Chancellor George Osborne in his budget speech announced a new National Living Wage which is to be introduced for all workers over the age of 25. This will see the hourly rate increase to a minimum of £7.20 from April 2016 and will rise gradually to reach £9.00 per hour by 2020.
Whilst (most) employees will applaud this, small business owners with a high low-wage workforce may struggle to meet the growing financial demands placed on them, despite the corporation tax cuts and employment allowance increase also implemented in this budget. This is because for small businesses, the contributory pension regulations which came into force by way of the Pensions Act 2008, will become applicable to all businesses in October 2015.
Younger employees also may well be left wondering why the age limit of 25 years has been set – especially in an age where discrimination on the grounds of age is well established.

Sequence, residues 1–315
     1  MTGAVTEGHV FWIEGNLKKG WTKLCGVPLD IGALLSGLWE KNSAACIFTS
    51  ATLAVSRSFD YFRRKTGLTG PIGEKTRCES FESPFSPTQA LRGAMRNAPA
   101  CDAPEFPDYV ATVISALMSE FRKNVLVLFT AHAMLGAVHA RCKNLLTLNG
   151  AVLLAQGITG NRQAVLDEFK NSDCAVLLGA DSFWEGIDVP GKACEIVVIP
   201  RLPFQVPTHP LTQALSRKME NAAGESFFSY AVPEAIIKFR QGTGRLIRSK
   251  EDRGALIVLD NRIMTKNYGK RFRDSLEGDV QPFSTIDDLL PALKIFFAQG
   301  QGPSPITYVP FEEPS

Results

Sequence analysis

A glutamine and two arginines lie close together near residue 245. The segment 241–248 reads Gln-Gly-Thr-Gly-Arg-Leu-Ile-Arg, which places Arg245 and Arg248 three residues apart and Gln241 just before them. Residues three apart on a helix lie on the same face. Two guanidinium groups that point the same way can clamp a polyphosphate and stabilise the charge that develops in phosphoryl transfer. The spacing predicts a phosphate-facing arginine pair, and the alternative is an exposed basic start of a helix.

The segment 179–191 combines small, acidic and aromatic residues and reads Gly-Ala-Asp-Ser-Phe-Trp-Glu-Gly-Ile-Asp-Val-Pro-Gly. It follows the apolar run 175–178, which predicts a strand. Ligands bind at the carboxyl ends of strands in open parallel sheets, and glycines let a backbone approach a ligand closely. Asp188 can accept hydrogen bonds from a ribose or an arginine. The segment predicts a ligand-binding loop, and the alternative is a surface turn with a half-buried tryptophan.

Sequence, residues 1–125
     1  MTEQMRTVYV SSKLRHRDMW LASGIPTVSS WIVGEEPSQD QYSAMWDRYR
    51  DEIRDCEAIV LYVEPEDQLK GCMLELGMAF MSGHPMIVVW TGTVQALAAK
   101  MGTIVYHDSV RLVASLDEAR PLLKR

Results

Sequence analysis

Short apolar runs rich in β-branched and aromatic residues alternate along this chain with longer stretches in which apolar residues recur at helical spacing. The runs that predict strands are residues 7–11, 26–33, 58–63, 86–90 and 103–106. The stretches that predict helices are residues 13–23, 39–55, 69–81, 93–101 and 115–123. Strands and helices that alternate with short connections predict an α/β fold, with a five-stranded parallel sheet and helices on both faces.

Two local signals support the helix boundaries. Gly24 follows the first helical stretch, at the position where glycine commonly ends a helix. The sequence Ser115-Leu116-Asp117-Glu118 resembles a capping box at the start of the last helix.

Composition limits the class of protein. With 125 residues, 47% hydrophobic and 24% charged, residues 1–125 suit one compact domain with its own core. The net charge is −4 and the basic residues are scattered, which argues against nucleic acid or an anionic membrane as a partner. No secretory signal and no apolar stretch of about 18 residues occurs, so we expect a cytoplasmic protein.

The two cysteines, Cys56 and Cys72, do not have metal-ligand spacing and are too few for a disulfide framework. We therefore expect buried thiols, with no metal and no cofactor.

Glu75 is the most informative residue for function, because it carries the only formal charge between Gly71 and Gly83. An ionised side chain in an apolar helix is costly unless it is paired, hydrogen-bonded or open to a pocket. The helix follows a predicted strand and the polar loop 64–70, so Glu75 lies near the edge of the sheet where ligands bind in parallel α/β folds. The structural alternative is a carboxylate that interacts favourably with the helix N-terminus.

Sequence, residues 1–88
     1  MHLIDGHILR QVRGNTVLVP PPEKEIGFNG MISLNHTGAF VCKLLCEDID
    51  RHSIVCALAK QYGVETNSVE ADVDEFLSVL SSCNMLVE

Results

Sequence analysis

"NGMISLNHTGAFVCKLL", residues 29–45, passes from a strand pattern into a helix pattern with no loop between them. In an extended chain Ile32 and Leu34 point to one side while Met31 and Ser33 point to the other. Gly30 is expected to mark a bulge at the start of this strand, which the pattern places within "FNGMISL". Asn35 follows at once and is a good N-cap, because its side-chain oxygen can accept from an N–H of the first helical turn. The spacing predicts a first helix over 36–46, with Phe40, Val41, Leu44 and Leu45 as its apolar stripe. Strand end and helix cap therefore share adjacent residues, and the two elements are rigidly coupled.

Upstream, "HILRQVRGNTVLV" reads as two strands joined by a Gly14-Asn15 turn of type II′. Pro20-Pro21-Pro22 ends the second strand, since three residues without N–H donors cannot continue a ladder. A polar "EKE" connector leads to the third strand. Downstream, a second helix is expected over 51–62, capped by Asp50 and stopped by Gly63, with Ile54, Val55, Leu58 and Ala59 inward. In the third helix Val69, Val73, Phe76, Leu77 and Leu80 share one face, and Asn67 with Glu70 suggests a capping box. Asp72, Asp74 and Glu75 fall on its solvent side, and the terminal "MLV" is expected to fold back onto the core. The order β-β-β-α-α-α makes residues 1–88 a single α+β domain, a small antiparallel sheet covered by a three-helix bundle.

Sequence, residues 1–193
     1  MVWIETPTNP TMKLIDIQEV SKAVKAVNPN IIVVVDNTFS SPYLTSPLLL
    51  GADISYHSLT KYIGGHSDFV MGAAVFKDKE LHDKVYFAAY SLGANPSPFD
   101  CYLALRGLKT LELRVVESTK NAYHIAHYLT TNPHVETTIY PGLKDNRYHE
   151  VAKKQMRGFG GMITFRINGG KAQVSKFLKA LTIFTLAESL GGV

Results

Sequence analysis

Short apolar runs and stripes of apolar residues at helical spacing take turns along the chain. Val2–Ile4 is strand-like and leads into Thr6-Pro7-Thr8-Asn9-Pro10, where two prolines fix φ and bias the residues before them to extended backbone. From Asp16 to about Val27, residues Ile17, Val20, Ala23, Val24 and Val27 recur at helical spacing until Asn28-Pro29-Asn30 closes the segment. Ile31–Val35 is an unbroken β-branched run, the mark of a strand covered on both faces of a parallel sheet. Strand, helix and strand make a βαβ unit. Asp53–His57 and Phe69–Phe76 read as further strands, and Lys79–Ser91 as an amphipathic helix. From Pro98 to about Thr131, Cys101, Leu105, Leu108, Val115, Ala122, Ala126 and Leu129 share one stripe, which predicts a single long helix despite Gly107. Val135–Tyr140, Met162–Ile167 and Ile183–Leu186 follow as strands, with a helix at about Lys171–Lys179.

However, younger employees could well benefit from the increase in apprenticeships which the Chancellor is encouraging. The Chancellor has stated that the larger companies will pay a levy and the revenue from this will help fund all post-16 apprenticeships in England. Ultimately, the goal is that employers will be able to control how the funding will work and those companies that are committed to training will be able to “get back more than they put in”. As apprenticeships have their own minimum wage (set to rise to £3.30 in October this year), many employers will no doubt start to see the benefits of taking on apprentices.